The Canadian Association of Petroleum Producers (CAPP) has just released a report “Crude Oil – Forecast, Markets & Transportation.” In 2007 we wrote our article on production from the Canadian oil sands titled, “A crash program scenario for the Canadian oil sands industry” and since then I have followed developments in Canada. Therefore, it was with great interest that I downloaded CAPP’s report. Before we study the report in more detail, we should note the disclaimer on the first page, “This publication was prepared by the Canadian Association of Petroleum Producers (CAPP). While it is believed that the information contained herein is reliable under the conditions and subject to the limitations set out, CAPP does not guarantee the accuracy or completeness of the information. The use of this report or any information contained will be at the user’s sole risk, regardless of any fault or negligence of CAPP.”
The first thing that strikes me is that under the descriptor “crude oil” CAPP discusses all oil types. We are so used to the price of oil (e.g. WTI or Brent) usually being described as the “crude oil price” that many regard conventional oil as “crude oil”. (http://www.oil-price.net/) However, if one searches for a definition of “crude oil” then one can find the following, “Crude oil is a mixture of naturally occurring hydrocarbons that are found in geologic formations, such as rock strata and can be refined into diesel, gasoline, heating oil, jet fuel, kerosene, and literally thousands of other products called petrochemicals. Crude oils are named according to their contents and origins and classified according to their per unit weight (specific gravity). Heavier crudes yield more heat upon burning, but have lower API gravity and market price in comparison to light (or sweet) crudes.”
The fact that different forms of crude oil can require completely different methods of extraction with markedly different production costs makes it all the more important to know what type of crude oil one is discussing. Recently I listened to a lecture during which it was mentioned that there are 300 different types of oil and that the price of these different oils was set, primarily, about WTI and Brent. What is of interest for our future is the production flows of each of these various oil types since, ultimately, it is these flow rates that determine how much gasoline, aviation fuel, and diesel will be available for future transport. Now let us return to Canada’s future:
The key points of this year’s outlook are:
- Canadian oil production continues to grow, and although tar sands remain the largest component of growth, the resurgence of conventional crude oil production represents the largest year over year change in the previous forecast. This resurgence in conventional tight oil is occurring both in Canada and the U.S., enabling greater continental energy security and changing the historical flows throughout North America.
- The main market opportunities occur in the replacement of offshore foreign crude imports in Canada and the United States and the potential for exports beyond North America.
- Transportation capacity is currently tight, and in addition to new pipeline options coming forward, rail has quickly become another way to move oil to market.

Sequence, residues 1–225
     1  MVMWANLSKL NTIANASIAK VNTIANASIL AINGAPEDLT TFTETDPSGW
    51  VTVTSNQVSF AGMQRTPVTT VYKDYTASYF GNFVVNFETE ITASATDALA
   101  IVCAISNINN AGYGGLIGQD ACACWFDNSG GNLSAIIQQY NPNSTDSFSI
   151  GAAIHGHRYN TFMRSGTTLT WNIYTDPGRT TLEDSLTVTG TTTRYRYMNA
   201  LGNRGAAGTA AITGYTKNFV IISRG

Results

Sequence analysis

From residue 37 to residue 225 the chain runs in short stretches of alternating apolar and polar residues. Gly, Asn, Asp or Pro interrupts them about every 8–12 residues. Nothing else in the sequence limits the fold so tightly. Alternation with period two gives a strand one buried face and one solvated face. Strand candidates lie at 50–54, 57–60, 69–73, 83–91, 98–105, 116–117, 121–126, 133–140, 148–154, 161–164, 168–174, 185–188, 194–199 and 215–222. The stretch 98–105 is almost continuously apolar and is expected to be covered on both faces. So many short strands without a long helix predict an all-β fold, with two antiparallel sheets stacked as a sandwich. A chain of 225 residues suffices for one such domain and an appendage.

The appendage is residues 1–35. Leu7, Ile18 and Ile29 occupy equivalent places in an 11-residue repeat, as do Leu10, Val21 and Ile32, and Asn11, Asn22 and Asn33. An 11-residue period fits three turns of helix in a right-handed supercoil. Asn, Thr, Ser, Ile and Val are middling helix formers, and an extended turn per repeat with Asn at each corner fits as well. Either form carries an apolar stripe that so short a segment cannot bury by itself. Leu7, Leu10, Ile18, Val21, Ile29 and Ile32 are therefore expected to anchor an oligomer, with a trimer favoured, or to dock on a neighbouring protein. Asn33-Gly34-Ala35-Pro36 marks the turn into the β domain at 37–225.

The production volumes that they discuss are given in the table below and shown in the figure. The volume of oil production from the oil sands that we predicted for 2030 was 4.8 million barrels per day (Mb/d) which can be compared with 5.2 Mb/d in the CAPP report. As you can see in the figure, the higher volume is not projected today. Another problem is that today, there is not sufficient refinery capacity for the higher production volume. It is worth noting that the possible increase during 18 years to 2030 is less than the yearly decrease in global production from existing oilfields.
In the Oil & Gas Journal, there is a summary of the CAPP report. Regarding “Market and Transportation” I will cite this from the OGJ article:
CAPP notes the need to reach new markets is “a top priority for Canadian oil producers.”
Refineries in Quebec and the Atlantic provinces now import 86% of their feedstock and could absorb 700,000 b/d of Canadian oil, the group said. Refineries in Ontario have switched to domestic supplies, which now account for more than 90% of their feedstock.
Canadian oil can displace some of the 2.2 million b/d of imported heavy oil now processed in high-conversion refineries on the US Gulf Coast. CAPP forecasts Canadian oil is reaching that market will rise to 1.1 million b/d by 2020 from 100,000 b/d at present.
Completion of conversion projects in Midwestern refineries will increase deliveries of Canadian oil, much of it heavy, to that region by 460,000 b/d by 2020. The Midwest currently receives 1.7 million b/d of Canadian oil.
High-conversion refineries in Washington and California also might become buyers of new volumes of Canadian oil as supplies of heavy feedstock from traditional sources decline.
China and India, to which Canadian oil now has limited access, also could become important markets. CAPP cites a US Energy Information Administration forecast that oil imports of the two countries combined will increase to 15.7 million b/d by 2030 from 9.2 million b/d by 2012.
CAPP says its outlook depends on growth in transportation capacity sufficient to accommodate the projected increase in supply. Although capacity is “currently tight,” it says, no production has been shut in for lack of transportation.
“Protracted approval processes for new pipeline projects are resulting in a variety of creative transportation proposals to access markets,” it says.
Originally Published: https://aleklett.wordpress.com/2013/06/07/future-oil-production-in-canada/